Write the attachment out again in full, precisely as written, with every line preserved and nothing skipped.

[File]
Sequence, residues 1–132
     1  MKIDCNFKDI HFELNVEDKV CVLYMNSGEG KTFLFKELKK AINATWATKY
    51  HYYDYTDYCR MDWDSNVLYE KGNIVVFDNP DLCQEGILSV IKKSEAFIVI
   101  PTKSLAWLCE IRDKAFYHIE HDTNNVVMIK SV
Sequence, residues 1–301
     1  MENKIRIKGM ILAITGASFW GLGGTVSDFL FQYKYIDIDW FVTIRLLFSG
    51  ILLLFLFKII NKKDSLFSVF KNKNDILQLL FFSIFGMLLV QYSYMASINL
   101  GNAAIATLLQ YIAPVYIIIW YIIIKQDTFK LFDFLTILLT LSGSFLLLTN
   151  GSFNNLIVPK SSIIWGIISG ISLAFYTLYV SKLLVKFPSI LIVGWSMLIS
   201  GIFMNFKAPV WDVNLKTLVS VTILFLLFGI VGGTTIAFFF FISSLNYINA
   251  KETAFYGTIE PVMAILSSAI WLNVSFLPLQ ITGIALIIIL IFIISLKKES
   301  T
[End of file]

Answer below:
Sequence, residues 1–132
     1  MKIDCNFKDI HFELNVEDKV CVLYMNSGEG KTFLFKELKK AINATWATKY
    51  HYYDYTDYCR MDWDSNVLYE KGNIVVFDNP DLCQEGILSV IKKSEAFIVI
   101  PTKSLAWLCE IRDKAFYHIE HDTNNVVMIK SV
Sequence, residues 1–301
     1  MENKIRIKGM ILAITGASFW GLGGTVSDFL FQYKYIDIDW FVTIRLLFSG
    51  ILLLFLFKII NKKDSLFSVF KNKNDILQLL FFSIFGMLLV QYSYMASINL
   101  GNAAIATLLQ YIAPVYIIIW YIIIKQDTFK LFDFLTILLT LSGSFLLLTN
   151  GSFNNLIVPK SSIIWGIISG ISLAFYTLYV SKLLVKFPSI LIVGWSMLIS
   201  GIFMNFKAPV WDVNLKTLVS VTILFLLFGI VGGTTIAFFF FISSLNYINA
   251  KETAFYGTIE PVMAILSSAI WLNVSFLPLQ ITGIALIIIL IFIISLKKES
   301  T